In fourth grade, I did a project on Hot Springs National Park in Arkansas. And two days ago, I fulfilled a dream I’ve had since then: to visit.

When I broached the idea of finally going to Hot Springs, my friends were game. None of us had ever been to Arkansas before, and everyone loves a road trip. Why not? We blared “America” by Simon and Garfunkel and headed off for a nature-filled weekend!

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But before we left home, we had a few things we needed to take care of. I got an oil change and headed out to Walmart to pick up snacks. My friend announced he was bringing his guitar, which prompted a game of Jenga in the trunk to make sure there was plenty of room for bags and musical instruments. We set out at 4 p.m. on Friday afternoon, steadfast and eager despite the rainy forecast, armed with iced coffee and a dream.

The seven-hour drive quickly turned less exciting and more exhausting. In a total brain fog moment, I had almost put diesel fuel in my car (yikes!), so I spent most of the drive in a state of barely-controlled terror that the engine would explode due to my near miss. Our playlist, which was inexplicably filled with super depressing music, played on as the rain began somewhere around Little Rock. There’s nothing quite as stressful as driving through a major American city at 10 p.m., in pouring rain, with Jeff Buckley crooning in the background.

The next day was off to a better start. We woke up bright and early and headed to the park, where we immediately found a hot spring steaming outside the visitor’s center. Each of us took turns dipping our hands in the water, crystal clear and so hot it burned.

Due to a map misreading mishap, the first stretch of our hike was the most strenuous. We huffed and puffed our way up a hill over treacherous terrain, barely noticing as the clouds cleared and broke into a clear blue sky with steam rising in the bare winter trees. Our first stop overlooked the town and the mountain, with fog streaking through the greenery. It was gorgeous.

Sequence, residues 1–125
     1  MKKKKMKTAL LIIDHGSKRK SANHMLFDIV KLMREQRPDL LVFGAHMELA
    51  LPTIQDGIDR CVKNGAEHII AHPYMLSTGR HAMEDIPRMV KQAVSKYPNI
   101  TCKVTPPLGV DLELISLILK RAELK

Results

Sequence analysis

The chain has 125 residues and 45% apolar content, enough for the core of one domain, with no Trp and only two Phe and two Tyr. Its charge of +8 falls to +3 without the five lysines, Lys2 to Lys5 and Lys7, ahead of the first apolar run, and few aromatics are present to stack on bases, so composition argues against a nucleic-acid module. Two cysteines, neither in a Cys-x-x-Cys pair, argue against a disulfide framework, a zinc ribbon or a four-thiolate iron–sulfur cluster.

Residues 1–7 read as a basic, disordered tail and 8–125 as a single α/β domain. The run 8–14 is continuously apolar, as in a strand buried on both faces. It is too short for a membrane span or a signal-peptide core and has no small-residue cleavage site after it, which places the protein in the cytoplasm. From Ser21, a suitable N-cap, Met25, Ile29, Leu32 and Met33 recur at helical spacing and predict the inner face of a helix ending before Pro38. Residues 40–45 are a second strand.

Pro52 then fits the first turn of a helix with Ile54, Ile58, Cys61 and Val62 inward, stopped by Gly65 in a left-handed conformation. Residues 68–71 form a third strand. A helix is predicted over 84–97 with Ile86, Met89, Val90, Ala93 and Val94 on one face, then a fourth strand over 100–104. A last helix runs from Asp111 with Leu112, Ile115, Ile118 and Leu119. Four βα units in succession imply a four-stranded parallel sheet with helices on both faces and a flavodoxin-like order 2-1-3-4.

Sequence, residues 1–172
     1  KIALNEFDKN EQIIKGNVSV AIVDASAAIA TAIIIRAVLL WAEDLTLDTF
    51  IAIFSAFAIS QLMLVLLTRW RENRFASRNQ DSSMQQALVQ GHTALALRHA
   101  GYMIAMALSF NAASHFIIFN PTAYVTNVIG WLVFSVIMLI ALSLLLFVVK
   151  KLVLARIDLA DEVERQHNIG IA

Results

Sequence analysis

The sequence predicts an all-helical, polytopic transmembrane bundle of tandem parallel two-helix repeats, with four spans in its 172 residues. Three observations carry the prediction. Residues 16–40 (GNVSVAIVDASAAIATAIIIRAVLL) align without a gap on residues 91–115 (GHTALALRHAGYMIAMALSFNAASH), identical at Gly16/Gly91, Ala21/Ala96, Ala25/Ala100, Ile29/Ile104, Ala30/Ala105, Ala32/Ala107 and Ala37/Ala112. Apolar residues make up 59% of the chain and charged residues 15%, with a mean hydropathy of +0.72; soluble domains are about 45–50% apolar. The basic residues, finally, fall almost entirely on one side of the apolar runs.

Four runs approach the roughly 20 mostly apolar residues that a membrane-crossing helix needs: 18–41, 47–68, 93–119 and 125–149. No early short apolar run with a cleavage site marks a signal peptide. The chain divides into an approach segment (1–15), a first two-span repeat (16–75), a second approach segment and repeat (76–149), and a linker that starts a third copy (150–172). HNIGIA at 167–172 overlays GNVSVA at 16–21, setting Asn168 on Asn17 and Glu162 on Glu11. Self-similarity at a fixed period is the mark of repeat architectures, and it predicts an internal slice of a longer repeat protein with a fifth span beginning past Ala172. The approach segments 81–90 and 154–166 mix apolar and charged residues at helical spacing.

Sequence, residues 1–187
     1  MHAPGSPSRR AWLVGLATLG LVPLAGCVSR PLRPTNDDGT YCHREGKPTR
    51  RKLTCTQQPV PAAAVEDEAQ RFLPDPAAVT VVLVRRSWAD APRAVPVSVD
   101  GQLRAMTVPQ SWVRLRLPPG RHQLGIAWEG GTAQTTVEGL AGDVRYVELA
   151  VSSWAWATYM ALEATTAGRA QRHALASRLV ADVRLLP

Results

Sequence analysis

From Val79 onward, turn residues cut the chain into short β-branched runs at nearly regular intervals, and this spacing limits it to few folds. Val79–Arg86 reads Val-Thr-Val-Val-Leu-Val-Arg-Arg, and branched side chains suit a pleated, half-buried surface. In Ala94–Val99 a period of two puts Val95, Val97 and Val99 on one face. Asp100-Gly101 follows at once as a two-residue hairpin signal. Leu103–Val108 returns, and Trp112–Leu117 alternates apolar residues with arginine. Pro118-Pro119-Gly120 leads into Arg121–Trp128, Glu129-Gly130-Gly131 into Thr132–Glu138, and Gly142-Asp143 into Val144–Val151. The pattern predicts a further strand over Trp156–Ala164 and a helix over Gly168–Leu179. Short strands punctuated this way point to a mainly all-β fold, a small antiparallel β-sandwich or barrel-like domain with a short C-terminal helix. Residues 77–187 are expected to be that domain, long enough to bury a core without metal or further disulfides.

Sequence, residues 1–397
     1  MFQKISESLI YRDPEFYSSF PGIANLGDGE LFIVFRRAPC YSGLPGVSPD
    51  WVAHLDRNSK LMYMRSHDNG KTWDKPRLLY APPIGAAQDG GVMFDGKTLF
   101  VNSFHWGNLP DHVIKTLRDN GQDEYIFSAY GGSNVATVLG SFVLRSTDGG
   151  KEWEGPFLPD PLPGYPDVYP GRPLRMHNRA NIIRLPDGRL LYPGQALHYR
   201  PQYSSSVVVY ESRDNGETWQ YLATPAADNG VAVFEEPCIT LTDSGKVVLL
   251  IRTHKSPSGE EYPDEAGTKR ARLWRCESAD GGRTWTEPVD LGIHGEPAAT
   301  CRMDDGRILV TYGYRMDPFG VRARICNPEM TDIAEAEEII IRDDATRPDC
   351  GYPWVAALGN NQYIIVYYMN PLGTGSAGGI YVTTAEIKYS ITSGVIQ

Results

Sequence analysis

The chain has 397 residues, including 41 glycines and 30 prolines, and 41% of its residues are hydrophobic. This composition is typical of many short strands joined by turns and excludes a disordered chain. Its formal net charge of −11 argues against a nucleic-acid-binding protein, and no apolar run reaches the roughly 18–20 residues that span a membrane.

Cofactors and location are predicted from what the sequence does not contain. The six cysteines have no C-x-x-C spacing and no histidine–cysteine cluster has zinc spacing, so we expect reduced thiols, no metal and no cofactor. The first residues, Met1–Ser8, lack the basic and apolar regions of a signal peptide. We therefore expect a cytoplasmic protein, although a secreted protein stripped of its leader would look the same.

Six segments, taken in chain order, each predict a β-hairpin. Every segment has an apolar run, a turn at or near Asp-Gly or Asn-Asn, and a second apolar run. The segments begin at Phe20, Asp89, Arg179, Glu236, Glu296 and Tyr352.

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The rest of the hike was on more level ground, thankfully. We walked a solid six miles through the wilderness. Since it was the park’s slow season, we only saw a few other hikers, which gave the impression that we were totally alone in nature. We ran our hands through bubbling streams, marveled at bright red berries, scrubbed the fuzzy moss on the rock formations.

When we finally descended from the mountain, we discovered another joy of Hot Springs National Park: the water fountains. We watched as other tourists and Hot Springs natives filled dozens of jugs with water from the fountains. Because of scientific reasons I don’t completely understand, the water is safe to drink, and people say it’s delicious and even has healing properties.

Good enough for me. Bottoms up! My friends and I filled our water bottles and cheers’ed. And you know what? It sure did taste like nature. We would later learn that we were drinking rainwater that had been in the earth for over 4,000 years. I’m not a science person, but even I can acknowledge that this is incredibly cool.

We only had one day to spend at the park, and we definitely made the most of it. Returning to our AirBnB cabin that night, we were all delightfully worn out and in good moods. We ended our Arkansas trip with a bad rom-com and leftover sandwiches from our picnic.

The drive home was equally stressful as the drive there, but now we had the energy of the hot springs to keep us going. We’ve already started making plans to visit more national parks in the coming months, whenever we’re able to go. Life is all about finding adventures, right? My little fourth-grade self is thrilled.

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